Open Access

Fallopian tube insertion into the uterine cavity discovered accidentally during laparoscopic retrieval of a misplaced coil from the pelvic cavity

  • Costas Panayotidis1Email author,
  • Jean-Michel Foidart2 and
  • Michelle Nisolle2
Gynecological SurgeryEndoscopic Imaging and Allied Techniques20075:322

https://doi.org/10.1007/s10397-007-0322-5

Received: 4 May 2007

Accepted: 4 July 2007

Published: 15 August 2007

Abstract

This article presents for the first time in the literature a case of fallopian tube insertion into the uterine cavity discovered accidentally during laparoscopic retrieval of a misplaced coil from the pelvic cavity.

Keywords

Intra-peritoneal coil Intrauterine contraceptive device Uterine perforation Fallopian tube Laparoscopy

Introduction

Uterine perforation during insertion of a contraceptive device (coil) is rare and has been estimated as 1 in 1,000 insertions. However, this percentage may be increased if the insertion is performed immediately after a termination of pregnancy. In these cases, experienced gynaecologists are often involved in order to prevent such complications or misplacement of the coil.

Case study

A 22-year-old woman had a surgical (suction–aspiration) termination of a 9-week pregnancy. She opted for an intrauterine contraception device which was inserted at the end of the operation.

However, no suspicion of any perforation or complication was noted during the cervical dilatation and performance of the termination, and the coil was inserted easily into the cavity. Four days later the patient was admitted to the accident and emergency department with intense abdominal colicky pains. An ultrasound scan confirmed that the uterine cavity was empty and an abdominal X-ray detected the coil in the abdominal cavity (Fig. 1). The patient had antibiotic cover and laparoscopy was indicated in order to retrieve the coil from the abdominal cavity. The diagnostic laparoscopy located the coil embedded in a fibrin pseudo sac between a loop of bowel and the left fallopian tube. The coil was gently removed without bowel trauma (Fig. 2a). The left fallopian tube was found to be adherent to the posterior wall of the uterus. But with a closer look, the distal part of the tube was “absent”, and the tube was in continuation with the posterior uterine wall (Fig. 2b). The fallopian tube was carefully grasped and gently separated from the uterus, confirming a 1.5 cm hole on the left posterior uterine wall (Fig. 2c). Approximately 4–5 cm of the tube was removed from the uterine posterior hole. The tube had an inflammatory and dilated aspect giving a pseudo aspect of an ectopic pregnancy (Fig. 2c). The pelvic cavity was washed and cleaned. The ovaries and the controlateral tube were normal. Neither mullerian malformation was noted nor were PID and endometriosis seen. Haemostasis was adequate. Antibiotic cover (with Augmentin 875 mg, 2X daily for 5 days) was administrated. The postoperative recovery was uneventful and the postoperative βhcg level was decreased excluding the coexistence of a heterotopic pregnancy. Further gynaecological appointment was organised in order to discuss the findings and future contraception need.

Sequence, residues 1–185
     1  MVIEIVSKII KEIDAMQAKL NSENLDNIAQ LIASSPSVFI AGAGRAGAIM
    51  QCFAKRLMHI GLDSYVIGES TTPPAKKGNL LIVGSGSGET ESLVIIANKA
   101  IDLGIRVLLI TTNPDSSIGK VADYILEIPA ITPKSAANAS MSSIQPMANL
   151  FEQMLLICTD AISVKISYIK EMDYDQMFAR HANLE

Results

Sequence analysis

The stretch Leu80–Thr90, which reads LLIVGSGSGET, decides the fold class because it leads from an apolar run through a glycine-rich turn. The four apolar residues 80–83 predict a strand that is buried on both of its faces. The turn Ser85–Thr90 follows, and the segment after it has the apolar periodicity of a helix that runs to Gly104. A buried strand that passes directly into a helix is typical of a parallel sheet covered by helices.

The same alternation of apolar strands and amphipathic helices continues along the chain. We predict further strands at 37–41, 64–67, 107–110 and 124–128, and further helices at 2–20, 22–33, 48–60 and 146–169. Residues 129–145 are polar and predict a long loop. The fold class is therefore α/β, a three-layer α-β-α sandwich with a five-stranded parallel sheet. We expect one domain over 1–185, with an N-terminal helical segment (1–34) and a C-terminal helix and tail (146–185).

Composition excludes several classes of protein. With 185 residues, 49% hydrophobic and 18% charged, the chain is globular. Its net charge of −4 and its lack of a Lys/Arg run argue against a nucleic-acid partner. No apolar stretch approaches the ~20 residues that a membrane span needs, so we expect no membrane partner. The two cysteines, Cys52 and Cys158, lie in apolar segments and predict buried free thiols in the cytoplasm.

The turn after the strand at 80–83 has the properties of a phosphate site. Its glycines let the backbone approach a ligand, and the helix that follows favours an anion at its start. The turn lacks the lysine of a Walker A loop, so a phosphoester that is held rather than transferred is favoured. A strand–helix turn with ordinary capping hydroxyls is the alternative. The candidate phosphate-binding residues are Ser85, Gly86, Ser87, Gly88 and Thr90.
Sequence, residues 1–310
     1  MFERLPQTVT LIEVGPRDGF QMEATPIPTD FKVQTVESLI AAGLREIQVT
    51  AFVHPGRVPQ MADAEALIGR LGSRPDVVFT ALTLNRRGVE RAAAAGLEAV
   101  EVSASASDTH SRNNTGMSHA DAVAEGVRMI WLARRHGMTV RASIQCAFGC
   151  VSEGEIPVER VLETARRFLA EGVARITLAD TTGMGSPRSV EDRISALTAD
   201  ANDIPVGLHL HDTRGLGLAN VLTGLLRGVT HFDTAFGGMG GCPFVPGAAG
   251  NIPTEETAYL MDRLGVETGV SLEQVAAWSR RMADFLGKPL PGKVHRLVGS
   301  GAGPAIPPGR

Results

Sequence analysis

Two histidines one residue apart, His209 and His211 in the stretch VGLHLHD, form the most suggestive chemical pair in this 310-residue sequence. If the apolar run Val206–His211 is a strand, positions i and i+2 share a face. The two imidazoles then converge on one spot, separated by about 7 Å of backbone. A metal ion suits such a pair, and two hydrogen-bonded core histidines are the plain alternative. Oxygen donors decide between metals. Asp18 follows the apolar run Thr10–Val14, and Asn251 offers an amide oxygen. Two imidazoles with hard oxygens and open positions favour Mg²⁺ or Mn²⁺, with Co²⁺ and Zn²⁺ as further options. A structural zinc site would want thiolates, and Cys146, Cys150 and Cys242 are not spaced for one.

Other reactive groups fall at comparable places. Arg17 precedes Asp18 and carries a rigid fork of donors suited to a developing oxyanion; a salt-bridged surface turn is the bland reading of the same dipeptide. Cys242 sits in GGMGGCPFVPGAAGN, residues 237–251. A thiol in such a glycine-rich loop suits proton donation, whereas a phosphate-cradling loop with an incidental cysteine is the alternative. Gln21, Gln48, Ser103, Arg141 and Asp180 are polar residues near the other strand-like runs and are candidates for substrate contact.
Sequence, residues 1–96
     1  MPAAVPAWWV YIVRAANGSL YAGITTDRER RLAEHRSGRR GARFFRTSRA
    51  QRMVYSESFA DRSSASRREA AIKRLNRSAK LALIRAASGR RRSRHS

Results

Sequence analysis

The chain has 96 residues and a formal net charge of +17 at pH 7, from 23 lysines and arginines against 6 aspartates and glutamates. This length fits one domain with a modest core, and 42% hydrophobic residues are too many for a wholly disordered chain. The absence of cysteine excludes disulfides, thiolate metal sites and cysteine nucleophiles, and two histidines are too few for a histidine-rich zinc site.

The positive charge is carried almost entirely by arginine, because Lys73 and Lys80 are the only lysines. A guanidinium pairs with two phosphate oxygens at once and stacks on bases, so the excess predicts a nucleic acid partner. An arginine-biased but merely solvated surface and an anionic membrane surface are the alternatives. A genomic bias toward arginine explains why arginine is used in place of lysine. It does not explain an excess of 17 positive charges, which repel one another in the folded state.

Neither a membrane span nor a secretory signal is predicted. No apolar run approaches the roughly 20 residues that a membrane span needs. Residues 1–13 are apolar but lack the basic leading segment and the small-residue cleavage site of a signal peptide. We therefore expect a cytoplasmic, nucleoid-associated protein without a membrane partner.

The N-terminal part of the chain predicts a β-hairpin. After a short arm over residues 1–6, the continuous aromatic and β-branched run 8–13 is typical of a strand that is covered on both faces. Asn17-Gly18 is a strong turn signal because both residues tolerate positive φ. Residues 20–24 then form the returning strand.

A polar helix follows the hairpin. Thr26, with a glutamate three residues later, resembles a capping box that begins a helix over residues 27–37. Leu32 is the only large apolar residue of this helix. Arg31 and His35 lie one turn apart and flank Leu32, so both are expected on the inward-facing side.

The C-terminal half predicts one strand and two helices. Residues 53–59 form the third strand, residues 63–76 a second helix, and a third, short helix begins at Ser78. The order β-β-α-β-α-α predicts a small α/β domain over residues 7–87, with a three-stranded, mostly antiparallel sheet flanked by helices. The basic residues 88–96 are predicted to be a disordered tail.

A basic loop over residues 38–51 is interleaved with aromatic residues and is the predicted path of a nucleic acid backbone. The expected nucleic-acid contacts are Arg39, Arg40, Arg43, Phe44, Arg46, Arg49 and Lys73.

Fig. 1